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Section 5-2 : Line Integrals - Part I

For problems 1 – 7 evaluate the given line integral. Follow the direction of \(C\) as given in the problem statement.

  1. Evaluate \( \displaystyle \int\limits_{C}{{3{x^2} - 2y\,ds}}\) where \(C\) is the line segment from \(\left( {3,6} \right)\) to \(\left( {1, - 1} \right)\). Solution
  2. Evaluate \( \displaystyle \int\limits_{C}{{2y{x^2} - 4x\,ds}}\) where \(C\) is the lower half of the circle centered at the origin of radius 3 with clockwise rotation. Solution
  3. Evaluate \( \displaystyle \int\limits_{C}{{6x\,ds}}\) where \(C\) is the portion of \(y = {x^2}\) from \(x = - 1\) to \(x = 2\). The direction of \(C\) is in the direction of increasing \(x\). Solution
  4. Evaluate \( \displaystyle \int\limits_{C}{{xy - 4z\,ds}}\) where \(C\) is the line segment from \(\left( {1,1,0} \right)\) to \(\left( {2,3, - 2} \right)\). Solution
  5. Evaluate \( \displaystyle \int\limits_{C}{{{x^2}{y^2}\,ds}}\) where \(C\) is the circle centered at the origin of radius 2 centered on the \(y\)-axis at \(y = 4\). See the sketches below for orientation. Note the “odd” axis orientation on the 2D circle is intentionally that way to match the 3D axis the direction.
    Solution
  6. Evaluate \( \displaystyle \int\limits_{C}{{16{y^5}\,ds}}\) where \(C\) is the portion of \(x = {y^4}\) from \(y = 0\) to \(y = 1\) followed by the line segment form \(\left( {1,1} \right)\) to \(\left( {1, - 2} \right)\) which in turn is followed by the line segment from \(\left( {1, - 2} \right)\) to \(\left( {2,0} \right)\). See the sketch below for the direction.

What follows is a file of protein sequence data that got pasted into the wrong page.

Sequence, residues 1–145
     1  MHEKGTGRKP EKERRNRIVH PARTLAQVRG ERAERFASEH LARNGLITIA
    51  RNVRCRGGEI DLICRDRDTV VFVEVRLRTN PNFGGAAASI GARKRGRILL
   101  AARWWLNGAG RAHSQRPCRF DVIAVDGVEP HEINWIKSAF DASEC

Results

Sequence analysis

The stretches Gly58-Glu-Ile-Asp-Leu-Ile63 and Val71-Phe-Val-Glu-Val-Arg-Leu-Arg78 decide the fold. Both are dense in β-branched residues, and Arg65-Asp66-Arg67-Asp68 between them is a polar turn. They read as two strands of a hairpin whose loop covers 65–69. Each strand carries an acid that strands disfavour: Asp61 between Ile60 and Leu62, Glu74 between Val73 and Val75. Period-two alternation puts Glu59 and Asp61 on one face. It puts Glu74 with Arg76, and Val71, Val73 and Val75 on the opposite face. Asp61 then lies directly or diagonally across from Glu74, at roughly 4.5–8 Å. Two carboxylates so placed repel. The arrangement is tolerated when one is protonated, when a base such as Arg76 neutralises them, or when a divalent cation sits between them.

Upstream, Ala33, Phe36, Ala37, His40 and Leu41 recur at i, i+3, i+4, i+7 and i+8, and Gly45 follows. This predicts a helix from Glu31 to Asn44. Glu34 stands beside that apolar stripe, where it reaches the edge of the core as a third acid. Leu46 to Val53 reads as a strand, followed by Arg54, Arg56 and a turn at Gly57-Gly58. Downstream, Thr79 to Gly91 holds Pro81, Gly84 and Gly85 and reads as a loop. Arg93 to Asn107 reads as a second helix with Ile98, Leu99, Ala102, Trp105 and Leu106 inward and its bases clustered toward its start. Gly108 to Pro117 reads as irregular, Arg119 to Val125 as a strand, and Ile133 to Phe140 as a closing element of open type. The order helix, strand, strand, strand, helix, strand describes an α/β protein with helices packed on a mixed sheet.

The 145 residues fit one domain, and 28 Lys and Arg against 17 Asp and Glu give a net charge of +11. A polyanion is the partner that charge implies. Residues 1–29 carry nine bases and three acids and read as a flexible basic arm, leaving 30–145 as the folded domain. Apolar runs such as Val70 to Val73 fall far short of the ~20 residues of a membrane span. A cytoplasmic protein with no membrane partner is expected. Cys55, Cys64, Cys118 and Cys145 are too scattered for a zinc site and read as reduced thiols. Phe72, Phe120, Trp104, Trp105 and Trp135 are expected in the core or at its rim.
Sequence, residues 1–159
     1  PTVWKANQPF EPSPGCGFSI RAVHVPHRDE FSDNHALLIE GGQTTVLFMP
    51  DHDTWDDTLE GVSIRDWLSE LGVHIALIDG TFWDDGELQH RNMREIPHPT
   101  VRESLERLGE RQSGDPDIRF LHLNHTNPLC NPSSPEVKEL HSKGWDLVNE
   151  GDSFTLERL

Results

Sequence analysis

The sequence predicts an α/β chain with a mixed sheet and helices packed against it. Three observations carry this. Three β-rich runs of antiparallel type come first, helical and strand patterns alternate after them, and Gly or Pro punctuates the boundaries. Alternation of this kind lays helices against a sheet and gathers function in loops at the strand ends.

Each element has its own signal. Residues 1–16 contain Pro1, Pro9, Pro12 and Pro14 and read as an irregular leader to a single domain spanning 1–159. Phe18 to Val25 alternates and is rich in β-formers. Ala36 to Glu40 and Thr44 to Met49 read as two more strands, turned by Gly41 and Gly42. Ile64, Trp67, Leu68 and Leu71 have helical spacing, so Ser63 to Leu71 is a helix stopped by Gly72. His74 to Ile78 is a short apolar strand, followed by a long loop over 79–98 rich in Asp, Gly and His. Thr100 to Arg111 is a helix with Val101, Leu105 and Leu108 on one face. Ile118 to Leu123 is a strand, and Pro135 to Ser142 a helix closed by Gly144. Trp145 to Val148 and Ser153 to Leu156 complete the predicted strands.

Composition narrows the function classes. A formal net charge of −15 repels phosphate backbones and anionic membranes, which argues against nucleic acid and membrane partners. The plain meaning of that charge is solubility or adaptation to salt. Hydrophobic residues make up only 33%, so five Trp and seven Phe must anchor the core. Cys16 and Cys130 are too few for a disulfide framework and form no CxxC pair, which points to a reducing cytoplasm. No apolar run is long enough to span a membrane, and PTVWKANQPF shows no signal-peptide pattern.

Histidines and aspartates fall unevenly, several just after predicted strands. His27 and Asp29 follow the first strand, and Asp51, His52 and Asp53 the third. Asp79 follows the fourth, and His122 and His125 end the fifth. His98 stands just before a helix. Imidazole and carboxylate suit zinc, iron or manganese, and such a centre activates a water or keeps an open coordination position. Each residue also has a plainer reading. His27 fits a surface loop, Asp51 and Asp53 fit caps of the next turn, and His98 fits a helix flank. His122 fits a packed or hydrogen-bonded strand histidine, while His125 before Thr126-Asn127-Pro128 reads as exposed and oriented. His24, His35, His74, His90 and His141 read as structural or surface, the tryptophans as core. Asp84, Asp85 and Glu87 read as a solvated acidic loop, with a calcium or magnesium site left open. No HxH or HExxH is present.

Solution
  7. Evaluate \( \displaystyle \int\limits_{C}{{4y - x\,ds}}\) where \(C\) is the upper portion of the circle centered at the origin of radius 3 from \(\displaystyle\left( {\frac{3}{{\sqrt 2 }},\frac{3}{{\sqrt 2 }}} \right)\) to \(\displaystyle\left( { - \frac{3}{{\sqrt 2 }}, - \frac{3}{{\sqrt 2 }}} \right)\) in the counter clockwise rotation followed by the line segment form \(\displaystyle\left( { - \frac{3}{{\sqrt 2 }}, - \frac{3}{{\sqrt 2 }}} \right)\) to \(\displaystyle\left( {4, - \frac{3}{{\sqrt 2 }}} \right)\) which in turn is followed by the line segment from \(\displaystyle\left( {4, - \frac{3}{{\sqrt 2 }}} \right)\) to \(\left( {4,4} \right)\). See the sketch below for the direction.
    Solution
  8. Evaluate \( \displaystyle \int\limits_{C}{{{y^3} - {x^2}\,ds}}\) for each of the following curves.
    1. \(C\) is the line segment from \(\left( {3,6} \right)\) to \(\left( {0,0} \right)\) followed by the line segment from \(\left( {0,0} \right)\) to \(\left( {3, - 6} \right)\).
    2. \(C\) is the line segment from \(\left( {3,6} \right)\) to \(\left( {3, - 6} \right)\).
    Solution
  9. Evaluate \( \displaystyle \int\limits_{C}{{4{x^2}\,ds}}\) for each of the following curves.
    1. \(C\) is the portion of the circle centered at the origin of radius 2 in the 1st quadrant rotating in the clockwise direction.
    2. \(C\) is the line segment from \(\left( {0,2} \right)\) to \(\left( {2,0} \right)\).
    Solution
  10. Evaluate \( \displaystyle \int\limits_{C}{{2{x^3}\,ds}}\) for each of the following curves.
    1. \(C\) is the portion \(y = {x^3}\) from \(x = - 1\) to \(x = 2\).
    2. \(C\) is the portion \(y = {x^3}\) from \(x = 2\) to \(x = - 1\).
    Solution